to underscore this point: “There’s no single answer that will solve all of our future problems. There’s no magic bullet. Instead there are thousands of answers—at least. You can be one of them if you choose to be.”
In explaining how these endeavors are propelled by the individual in collective, Dr. Benjamin returned to the personal, bringing the audience back to the White house and her family as she detailed her work advocating for her brother as he experiences mental illness and the criminal justice system. Underscoring these stories is Dr. Benjamin’s declaration that our small changes in caring for each other can, and will, contribute to large shifts.
Questions and Answers
Packed into Kiggins Auditorium, the on-campus community had ample time to ask questions. Many of which centered around a similar theme: how can we, as a community of individuals in an educational institution, impact change and create safe, inclusive spaces of belonging?
In her answers, Dr. Benjamin offered creation and creativity in the service of building a “liberatory education.” Creativity not only through the traditional arts, but used to conceptualize parallel realities that exist in education: for some, education is a chance for growth while for others, the systems available to them stifle their potential. Thinking creatively allows for us to understand how these different experiences operate, why and how they happen, and how to create something different. Alongside this concept, Dr. Benjamin notes that the practical is vital to change: it is not enough to only investigate the how and why, we must also find tangible, actionable ways to incite change.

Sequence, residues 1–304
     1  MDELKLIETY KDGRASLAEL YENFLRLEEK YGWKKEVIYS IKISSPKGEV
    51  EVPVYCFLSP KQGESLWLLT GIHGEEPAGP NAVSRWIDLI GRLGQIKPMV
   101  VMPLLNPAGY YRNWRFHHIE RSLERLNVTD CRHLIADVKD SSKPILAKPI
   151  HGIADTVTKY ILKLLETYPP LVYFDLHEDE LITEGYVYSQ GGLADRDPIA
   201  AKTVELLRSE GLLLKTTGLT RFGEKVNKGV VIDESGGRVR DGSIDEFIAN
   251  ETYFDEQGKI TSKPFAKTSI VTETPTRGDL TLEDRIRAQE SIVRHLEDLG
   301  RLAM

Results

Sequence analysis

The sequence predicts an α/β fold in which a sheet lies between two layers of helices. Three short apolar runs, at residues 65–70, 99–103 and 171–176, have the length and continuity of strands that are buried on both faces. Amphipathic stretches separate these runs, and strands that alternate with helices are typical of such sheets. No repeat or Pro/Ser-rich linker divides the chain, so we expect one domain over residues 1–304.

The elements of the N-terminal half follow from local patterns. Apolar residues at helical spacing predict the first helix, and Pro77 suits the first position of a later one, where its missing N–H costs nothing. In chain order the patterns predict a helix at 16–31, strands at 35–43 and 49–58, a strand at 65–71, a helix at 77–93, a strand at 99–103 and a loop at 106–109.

Students and community members also asked questions focused on identity and culture, prompting Dr. Benjamin to offer insight into finding strength during difficult personal times, and the importance of building community within large institutions.
That evening, Dr. Benjamin also spoke to Emma Willard School families during a virtual event. Similar to that morning’s talk on campus, there was ample time for the audience to ask questions and for Dr. Benjamin to answer. The concerns and discussion were similar to those that came up in the morning, with a focus on community building, honoring and holding space for difficult conversations, and recognizing that the discomfort borne out of this work is necessary for both the individual and collective growth.
Throughout these answers, Dr. Benjamin continued to offer practical guides for how to actually do some of this work. In discussing the work of bringing out differences to result in worthwhile conversation, she details how her early academic time spent in a theater program is useful: asking students to come to a conversation in character, to role-play, in an exercise that allows them to approach issues from a position of values and views they may not share.
“The point is that not all of the views and positions are created equal,” she said. “That is to say, we should listen to them, but some should not guide the implementation of a certain policy: in my view, we should prioritize and think about the insights and experience of those who have been harmed by systems of power [...] and let that guide our world building and the future.”
For more details, stories, and practical suggestions for world building, you can order Viral Justice: How We Grow the World We Want here